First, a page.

Malware smugglers have settled on a new technique for evading detection

encrypted messages
(Image credit: Facebook)

New research from security company Sophos reveals that threat actors are increasingly adopting encrypted communication protocols to prevent the detection of malware

In its analysis, Sophos argues that with more legitimate adoption of HTTPS, identifying unencrypted traffic has become a lot easier for security professionals. 

In order to avoid detection, more and more malware authors are adopting secure communication protocols, such as TLS, to obfuscate communication to and from command and control (C&C) servers.

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“We’ve seen dramatic growth over the past year in malware using TLS to conceal its communications. In 2020, 23 percent of malware we detected communicating with a remote system over the internet were using TLS; today, it is nearly 46 percent,” observes Sophos.

Encrypted communication

The security researchers also note that they’ve observed an increase in the use of TLS in ransomware attacks over the past year, particularly with manually-deployed ransomware.

More worrying, however, is that a large portion of the growth in the use of secure communications can be attributed to increased use of legitimate cloud services protected by TLS. 

Sophos has observed an increase in the use of services such as Discord, Pastebin, Github and Google’s cloud services, either as repositories for malware components, or as destinations for stolen data, and even to send commands to botnets and other malware.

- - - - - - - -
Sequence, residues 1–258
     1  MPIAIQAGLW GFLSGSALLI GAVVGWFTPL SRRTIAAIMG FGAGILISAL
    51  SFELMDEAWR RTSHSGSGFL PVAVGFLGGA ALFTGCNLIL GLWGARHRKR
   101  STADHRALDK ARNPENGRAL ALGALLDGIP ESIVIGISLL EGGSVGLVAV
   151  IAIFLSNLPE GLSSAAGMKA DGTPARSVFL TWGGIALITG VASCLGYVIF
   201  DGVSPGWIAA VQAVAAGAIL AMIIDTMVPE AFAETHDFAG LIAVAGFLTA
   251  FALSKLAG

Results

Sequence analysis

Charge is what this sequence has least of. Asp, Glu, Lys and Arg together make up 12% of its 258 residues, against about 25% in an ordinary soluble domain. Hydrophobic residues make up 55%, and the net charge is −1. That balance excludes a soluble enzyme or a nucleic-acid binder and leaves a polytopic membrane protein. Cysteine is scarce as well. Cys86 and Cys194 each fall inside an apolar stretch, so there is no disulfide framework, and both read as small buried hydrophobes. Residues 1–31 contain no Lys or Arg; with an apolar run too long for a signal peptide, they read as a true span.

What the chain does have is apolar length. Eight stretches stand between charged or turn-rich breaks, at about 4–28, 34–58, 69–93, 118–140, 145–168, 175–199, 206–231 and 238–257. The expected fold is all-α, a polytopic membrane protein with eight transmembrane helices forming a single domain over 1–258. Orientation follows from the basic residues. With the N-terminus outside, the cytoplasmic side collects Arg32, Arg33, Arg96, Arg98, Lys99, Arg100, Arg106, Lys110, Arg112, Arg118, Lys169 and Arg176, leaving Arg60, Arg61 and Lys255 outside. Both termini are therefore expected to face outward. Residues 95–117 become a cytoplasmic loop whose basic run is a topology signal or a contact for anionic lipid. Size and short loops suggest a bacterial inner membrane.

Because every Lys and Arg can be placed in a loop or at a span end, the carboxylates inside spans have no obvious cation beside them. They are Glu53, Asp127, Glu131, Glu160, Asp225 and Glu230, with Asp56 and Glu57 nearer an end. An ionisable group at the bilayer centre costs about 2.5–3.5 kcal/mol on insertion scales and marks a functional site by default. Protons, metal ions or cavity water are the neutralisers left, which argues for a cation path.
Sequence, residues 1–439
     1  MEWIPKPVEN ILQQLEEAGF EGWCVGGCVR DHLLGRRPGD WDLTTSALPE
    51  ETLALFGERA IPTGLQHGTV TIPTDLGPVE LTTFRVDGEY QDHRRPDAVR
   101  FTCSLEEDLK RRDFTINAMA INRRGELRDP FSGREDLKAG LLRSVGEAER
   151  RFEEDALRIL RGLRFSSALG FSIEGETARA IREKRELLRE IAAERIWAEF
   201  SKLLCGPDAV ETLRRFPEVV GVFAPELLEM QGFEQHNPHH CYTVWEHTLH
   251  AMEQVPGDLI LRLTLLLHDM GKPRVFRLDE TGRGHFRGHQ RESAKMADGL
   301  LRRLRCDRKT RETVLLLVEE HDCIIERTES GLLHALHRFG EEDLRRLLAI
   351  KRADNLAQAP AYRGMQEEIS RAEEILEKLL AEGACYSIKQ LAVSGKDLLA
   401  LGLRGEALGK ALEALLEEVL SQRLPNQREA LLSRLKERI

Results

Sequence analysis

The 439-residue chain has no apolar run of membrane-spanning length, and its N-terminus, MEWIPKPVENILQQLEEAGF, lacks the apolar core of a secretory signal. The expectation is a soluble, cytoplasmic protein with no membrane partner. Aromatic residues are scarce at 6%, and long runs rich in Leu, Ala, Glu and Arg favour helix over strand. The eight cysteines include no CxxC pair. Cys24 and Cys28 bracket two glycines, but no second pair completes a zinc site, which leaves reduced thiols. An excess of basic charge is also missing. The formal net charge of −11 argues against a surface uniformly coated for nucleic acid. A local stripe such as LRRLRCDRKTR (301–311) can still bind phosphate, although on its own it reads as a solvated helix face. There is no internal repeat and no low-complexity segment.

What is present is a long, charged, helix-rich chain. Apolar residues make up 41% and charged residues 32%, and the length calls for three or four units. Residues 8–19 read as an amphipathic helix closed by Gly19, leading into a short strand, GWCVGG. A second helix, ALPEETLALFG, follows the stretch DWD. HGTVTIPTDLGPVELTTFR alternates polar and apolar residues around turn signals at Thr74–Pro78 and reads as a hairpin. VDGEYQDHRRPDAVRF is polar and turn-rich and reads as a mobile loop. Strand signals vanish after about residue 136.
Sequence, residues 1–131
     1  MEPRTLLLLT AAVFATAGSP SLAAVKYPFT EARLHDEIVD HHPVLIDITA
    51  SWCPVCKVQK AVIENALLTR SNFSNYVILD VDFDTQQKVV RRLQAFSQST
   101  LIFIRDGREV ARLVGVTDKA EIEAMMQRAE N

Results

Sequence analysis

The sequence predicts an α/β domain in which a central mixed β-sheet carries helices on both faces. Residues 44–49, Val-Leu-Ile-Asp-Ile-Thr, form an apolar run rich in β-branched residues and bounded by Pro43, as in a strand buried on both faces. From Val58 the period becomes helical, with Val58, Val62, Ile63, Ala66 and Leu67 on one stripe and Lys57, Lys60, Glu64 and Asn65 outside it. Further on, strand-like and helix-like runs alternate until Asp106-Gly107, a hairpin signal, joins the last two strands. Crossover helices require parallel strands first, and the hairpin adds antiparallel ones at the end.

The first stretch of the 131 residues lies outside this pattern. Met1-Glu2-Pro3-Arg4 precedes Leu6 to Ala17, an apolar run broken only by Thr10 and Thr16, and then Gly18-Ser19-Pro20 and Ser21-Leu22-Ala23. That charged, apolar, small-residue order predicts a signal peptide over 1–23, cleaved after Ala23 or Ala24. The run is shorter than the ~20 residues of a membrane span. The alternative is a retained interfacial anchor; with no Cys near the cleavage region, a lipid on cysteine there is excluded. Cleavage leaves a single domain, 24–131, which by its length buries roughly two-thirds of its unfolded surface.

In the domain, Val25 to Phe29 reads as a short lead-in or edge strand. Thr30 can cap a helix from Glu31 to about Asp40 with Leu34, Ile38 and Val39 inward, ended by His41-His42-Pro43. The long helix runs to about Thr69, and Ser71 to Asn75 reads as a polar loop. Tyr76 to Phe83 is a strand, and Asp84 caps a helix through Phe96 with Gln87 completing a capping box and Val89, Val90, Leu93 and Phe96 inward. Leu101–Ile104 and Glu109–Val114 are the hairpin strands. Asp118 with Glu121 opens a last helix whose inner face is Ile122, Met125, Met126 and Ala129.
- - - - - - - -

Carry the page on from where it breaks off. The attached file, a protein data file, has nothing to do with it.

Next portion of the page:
Also interesting is the breakdown of the destinations of the TLS malware’s traffic, in the first three months of 2021. The data reveals that nearly half of all encrypted malware communications went to servers in the United States and India.

Google’s cloud services led the field as the destination for nine percent of encrypted malware requests, with India’s state-run BSNL close behind at six percent. 

In its report, Sophos suggests organizations implement an in-depth strategy to defend against the increasingly complex threats.

Mayank Sharma

With almost two decades of writing and reporting on Linux, Mayank Sharma would like everyone to think he’s TechRadar Pro’s expert on the topic. Of course, he’s just as interested in other computing topics, particularly cybersecurity, cloud, containers, and coding.